In my last post, I wrote about active learning and engagement in a virtual environment. We know that active learning is how students make meaning with new material. It’s the act of trying to make sense of what they are learning–connecting it to what they already know, discussing it with classmates to broaden their understanding of new content, etc.–that actually leads to deeper learning. Of course, this can become challenging in a virtual environment without first building connections, trust, and relationships in the classroom (virtual or otherwise).
Many classes begin the first day with ice breakers. For years I despised these activities as I can be somewhat shy and reserved and many of the activities I have been asked to do as ice breakers seemed rather ridiculous. Why do I need to know that Bob is going on a camping trip and he is taking burgers or that Calvin is taking charcoal? Over the years, I’ve been able to identify elements from these activities that actually make them valuable to building community in the classroom… which is the purpose behind doing them in the first place. Building solid relationships with your students is probably the most important thing you can do to build trust in your classroom which in turn opens the door to remove barriers for engaged learning.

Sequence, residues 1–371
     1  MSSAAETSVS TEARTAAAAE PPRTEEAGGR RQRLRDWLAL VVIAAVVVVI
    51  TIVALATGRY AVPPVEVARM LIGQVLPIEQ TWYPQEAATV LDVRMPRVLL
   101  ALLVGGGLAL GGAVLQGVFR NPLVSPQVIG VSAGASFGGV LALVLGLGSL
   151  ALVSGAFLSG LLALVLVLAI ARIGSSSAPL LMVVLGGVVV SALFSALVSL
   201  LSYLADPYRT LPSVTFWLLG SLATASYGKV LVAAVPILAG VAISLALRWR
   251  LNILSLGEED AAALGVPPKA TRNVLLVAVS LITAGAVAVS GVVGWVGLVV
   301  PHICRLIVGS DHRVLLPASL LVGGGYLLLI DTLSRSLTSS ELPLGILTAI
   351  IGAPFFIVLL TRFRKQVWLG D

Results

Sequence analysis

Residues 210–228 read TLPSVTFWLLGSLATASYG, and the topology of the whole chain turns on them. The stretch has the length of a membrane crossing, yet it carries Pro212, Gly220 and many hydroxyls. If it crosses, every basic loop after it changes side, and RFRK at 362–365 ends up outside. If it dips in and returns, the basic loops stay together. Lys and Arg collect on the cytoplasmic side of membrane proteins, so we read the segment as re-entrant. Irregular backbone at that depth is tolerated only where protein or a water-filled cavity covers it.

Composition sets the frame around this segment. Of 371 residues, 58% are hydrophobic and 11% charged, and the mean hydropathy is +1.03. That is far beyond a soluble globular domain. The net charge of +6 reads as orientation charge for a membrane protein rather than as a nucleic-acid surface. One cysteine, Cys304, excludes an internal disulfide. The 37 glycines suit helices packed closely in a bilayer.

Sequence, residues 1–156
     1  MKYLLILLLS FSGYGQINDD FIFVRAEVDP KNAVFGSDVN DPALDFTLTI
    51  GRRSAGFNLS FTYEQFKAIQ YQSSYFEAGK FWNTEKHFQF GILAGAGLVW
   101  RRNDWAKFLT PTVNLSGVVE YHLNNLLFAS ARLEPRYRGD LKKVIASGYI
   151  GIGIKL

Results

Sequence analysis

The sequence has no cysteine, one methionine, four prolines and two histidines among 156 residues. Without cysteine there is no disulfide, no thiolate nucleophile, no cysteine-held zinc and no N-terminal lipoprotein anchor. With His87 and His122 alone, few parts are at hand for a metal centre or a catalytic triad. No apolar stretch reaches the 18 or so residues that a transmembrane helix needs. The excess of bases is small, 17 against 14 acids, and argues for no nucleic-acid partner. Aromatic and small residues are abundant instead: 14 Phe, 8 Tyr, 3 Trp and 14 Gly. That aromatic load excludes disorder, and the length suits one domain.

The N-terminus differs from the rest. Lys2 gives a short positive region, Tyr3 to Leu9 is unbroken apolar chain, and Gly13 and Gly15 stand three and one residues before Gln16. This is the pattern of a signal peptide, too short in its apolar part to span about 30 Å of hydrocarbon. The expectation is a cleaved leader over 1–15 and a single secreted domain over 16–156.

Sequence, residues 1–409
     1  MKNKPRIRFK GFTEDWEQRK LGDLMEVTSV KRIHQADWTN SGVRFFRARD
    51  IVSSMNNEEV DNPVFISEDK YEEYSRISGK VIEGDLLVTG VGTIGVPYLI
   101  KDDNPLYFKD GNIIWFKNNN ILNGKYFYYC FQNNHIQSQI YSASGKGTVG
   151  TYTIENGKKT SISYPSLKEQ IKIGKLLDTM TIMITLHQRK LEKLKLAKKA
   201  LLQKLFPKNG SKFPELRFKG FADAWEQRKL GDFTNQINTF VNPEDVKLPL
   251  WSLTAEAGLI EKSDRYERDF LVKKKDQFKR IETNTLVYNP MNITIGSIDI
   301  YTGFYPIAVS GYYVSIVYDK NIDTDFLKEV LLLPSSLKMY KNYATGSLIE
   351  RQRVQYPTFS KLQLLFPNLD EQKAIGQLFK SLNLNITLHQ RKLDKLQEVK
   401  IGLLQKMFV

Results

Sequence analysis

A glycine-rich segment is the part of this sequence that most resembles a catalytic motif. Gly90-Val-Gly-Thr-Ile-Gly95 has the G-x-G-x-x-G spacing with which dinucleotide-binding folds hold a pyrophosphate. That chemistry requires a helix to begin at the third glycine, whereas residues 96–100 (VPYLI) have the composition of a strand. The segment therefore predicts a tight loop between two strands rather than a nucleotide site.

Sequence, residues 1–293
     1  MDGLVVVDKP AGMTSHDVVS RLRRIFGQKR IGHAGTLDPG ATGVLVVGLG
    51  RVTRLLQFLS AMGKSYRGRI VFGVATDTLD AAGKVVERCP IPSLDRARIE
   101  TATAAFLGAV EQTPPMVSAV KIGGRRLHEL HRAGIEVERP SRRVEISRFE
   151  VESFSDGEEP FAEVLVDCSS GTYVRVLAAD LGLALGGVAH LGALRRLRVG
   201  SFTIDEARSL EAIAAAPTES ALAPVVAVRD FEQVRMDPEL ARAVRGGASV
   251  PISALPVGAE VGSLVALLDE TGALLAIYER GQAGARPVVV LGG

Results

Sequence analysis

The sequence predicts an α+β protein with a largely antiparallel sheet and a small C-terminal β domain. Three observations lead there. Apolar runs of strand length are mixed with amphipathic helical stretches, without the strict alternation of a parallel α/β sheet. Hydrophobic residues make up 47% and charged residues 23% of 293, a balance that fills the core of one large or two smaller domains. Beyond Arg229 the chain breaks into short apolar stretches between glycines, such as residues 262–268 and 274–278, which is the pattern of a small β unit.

It’s been my experience that most educators value getting to know their students but few have a systematic approach to doing so. Here are my tips for gathering the information you need and getting to know your students in a way that removes barriers:
Online teaching and learning does not have to be impersonal…nor should it be. It’s 2020, our students have grown up in a digital world and they are accustomed to “living” online (Instagram, Snapchat, FaceBook, Tiktok, etc). It doesn’t have to be a daunting undertaking to facilitate meaningful virtual learning experiences. You’re brilliant. You have an advanced degree. You got this!